Table 4. Analysis of genetic parameters and partitioning of sum of squares for cooking and quality parameters for seven dry bean landraces. Source

HI%

HC

SCP%

CT (Min)

P%

A%

Environment(E) Genotypes (G) GEI Pollederror SSG% SSE % SSGE% GCV% H

2476.23** 695.5** 260.47** 79.30 36.0 47.3 5.09 16.77 0.98

0.27** 0.05** 0.01** 0.00 41.1 40.3 6.64 0.19 0.80

3.96** 2.68** 0.26* 0.16 39.2 43.9 2.84 0.64 0.90

63.12* 319.39** 36.60** 9.39 45.9 38.2 6.45 15.65 0.89

36.57** 6.95** 1.77ns 1.36 40.8 42.1 1.37 0.45 0.74

1.30** 0.33** 0.04** 0.03 41.7 41.1 1.82 0.14 0.88

Table 5. Mean values for cooking and quality parameters for seven dry bean landraces. Landrace Agi Chr Flo Kas Lem Nak Plt CV% Probability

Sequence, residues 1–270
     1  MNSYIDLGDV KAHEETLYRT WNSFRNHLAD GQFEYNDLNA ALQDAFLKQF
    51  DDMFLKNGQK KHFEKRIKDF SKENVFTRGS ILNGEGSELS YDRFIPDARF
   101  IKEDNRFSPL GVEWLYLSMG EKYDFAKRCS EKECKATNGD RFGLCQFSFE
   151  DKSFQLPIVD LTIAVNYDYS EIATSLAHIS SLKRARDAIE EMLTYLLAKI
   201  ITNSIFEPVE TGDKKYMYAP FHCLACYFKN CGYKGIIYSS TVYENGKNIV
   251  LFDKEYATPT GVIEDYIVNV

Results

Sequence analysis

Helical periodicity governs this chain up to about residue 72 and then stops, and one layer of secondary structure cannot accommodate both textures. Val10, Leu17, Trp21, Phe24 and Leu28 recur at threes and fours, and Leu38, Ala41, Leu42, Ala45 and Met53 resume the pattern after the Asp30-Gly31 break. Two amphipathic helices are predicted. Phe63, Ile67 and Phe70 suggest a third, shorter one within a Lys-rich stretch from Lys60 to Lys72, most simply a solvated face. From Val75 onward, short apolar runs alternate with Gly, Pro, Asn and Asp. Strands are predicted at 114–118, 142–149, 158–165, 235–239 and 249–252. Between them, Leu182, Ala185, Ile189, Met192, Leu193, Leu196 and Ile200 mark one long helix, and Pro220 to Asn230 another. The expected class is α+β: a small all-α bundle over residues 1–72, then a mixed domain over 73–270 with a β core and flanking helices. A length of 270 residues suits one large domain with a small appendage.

HI% 68.9AB 69.7A 67.2AB 64.6BC 67.9AB 60.2C 55.0D 13.7 **

HC 0.51A 0.47BC 0.49AB 0.39E 0.44CD 0.41DE 0.40E 15.8 **

SCP% 7.8CD 8.1B 7.7D 8.0BC 7.4E 8.2AB 8.4A 4.9 **

**Significance at P< 0.01

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CT (min) 41.9A 31.9E 35.8CD 35.2D 41.5AB 39.8B 37.1C 8.1 **

P% 24.0BC 24.5AB 23.9BCD 23.7CD 24.9A 24.1BC 23.2D 4.8 **

A% 4.5A 4.2E 4.3CD 4.2DE 4.4AB 4.3C 4.4BC 4.2 **

Dry Bean Landraces under Low-Input Farming __________________________________

Table 6. Correlation coefficients and seed yield, number of pods/plant, seed characteristics and quality parameters for seven dry bean landraces. SY W100 HI% HC CT SCP% P% A%

PP 0.86** -0.48 -0.72* -0.94** -0.02 0.31 -0.28 -0.10

SY

W100

HI%

HC

CT

SCP%

P%

-0.50 -0.48 -0.74* 0.01 -0.03 0.01 -0.11

-0.12 0.61 0.44 -0.01 -0.32 0.66